Atherosclerosis is a condition where plaque builds up in the arteries, restricting blood flow. This can lead to dizziness, especially when bending over or standing up quickly. To prevent atherosclerosis-related dizziness, you must maintain a healthy diet and exercise regularly to promote healthy blood flow. If you have a history of heart disease or atherosclerosis, talk to your doctor about any precautions you should take before gardening, such as wearing compression stockings or avoiding sudden movements.

#7. You have a long history of neck and head injuries. 

The atlas is the first vertebra in the spine, and if it's out of alignment, it can affect the nerves and blood flow to the brain, causing dizziness. If you suspect an atlas subluxation, we recommend seeing an Upper Cervical Chiropractor for diagnosis and care. To prevent future subluxations, maintain good posture and avoid sudden movements that may strain the neck while working in the garden.

dizzy, gardening, atlas subluxation

Reduce Gardening Dizziness By Seeking an Upper Cervical Chiropractic

Vertigo or dizziness that results from inner ear problems, dehydration, underlying condition, or an atlas subluxation can get worse if you manage the situation poorly. Make sure to seek help and adjust your lifestyle and routine to accommodate the needs of your body.

Also, if you have a long history of whiplash or concussions, you might want to schedule a quick consultation with an Upper Cervical doctor. Chances are, you have an atlas bone misalignment. The sooner you can fix this postural misalignment, the quicker you can ease your body into healing and restoring balance.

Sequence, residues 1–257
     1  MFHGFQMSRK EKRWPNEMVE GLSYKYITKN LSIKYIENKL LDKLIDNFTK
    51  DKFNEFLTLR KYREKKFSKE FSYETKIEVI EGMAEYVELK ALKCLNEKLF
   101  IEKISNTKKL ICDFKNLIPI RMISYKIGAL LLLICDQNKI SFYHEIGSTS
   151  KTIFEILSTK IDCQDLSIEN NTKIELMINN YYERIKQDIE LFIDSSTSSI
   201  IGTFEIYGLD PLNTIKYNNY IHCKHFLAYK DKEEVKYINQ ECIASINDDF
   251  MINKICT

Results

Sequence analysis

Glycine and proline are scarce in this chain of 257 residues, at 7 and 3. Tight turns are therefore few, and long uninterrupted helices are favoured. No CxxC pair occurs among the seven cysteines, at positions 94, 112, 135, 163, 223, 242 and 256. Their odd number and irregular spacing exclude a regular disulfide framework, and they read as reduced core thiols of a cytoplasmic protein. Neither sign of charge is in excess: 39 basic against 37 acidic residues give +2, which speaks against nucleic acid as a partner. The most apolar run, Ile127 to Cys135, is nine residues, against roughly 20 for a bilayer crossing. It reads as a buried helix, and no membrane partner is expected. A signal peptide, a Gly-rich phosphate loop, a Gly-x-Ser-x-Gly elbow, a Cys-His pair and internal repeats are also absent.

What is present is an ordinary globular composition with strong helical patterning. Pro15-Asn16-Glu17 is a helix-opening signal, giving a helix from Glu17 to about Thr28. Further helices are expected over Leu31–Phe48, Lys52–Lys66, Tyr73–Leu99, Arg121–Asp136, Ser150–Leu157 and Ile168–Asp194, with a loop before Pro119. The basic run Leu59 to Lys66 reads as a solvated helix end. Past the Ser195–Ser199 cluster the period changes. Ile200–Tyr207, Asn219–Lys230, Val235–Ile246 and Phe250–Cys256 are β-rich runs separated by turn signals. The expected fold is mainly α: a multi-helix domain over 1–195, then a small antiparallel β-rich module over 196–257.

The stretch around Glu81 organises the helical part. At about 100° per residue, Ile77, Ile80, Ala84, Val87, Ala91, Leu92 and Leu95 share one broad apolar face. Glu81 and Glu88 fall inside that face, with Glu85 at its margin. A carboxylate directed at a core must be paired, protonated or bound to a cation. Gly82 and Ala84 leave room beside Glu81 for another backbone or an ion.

Upper Cervical Chiropractic focuses on the top two vertebrae in the spine, which support the head's weight and facilitate proper communication between the brain and body. Correcting misalignments in the topmost bones of the spine can improve blood flow, reduce nerve interference, and promote overall health.

If you are experiencing dizziness while gardening or other activities, try Upper Cervical Chiropractic. The Upper Cervical Awareness Find-a-Doctor tool is an excellent resource for finding a credible Upper Cervical practice near you, so you can book your appointment today.


This image has an empty alt attribute; its file name is Find_An_Upper_Cervical_Doctor.png
to schedule a consultation today.


Featured Articles


Montel Williams
Montel Williams

TV show host Montel Williams describes how specific chiropractic care has helped his body.

NBC's The Doctors

The TV show "The Doctors" showcased Upper Cervical Care.

CBS News/Migraine Relief

CBS News highlighted the alleviation of Migraines and Headaches.

The content and materials provided in this web site are for informational and educational purposes only and are not intended to supplement or comprise a medical diagnosis or other professional opinion, or to be used in lieu of a consultation with a physician or competent health care professional for medical diagnosis and/or treatment. All content and materials including research papers, case studies and testimonials summarizing patients' responses to care are intended for educational purposes only and do not imply a guarantee of benefit. Individual results may vary, depending upon several factors including age of the patient, severity of the condition, severity of the spinal injury, and duration of time the condition has been present.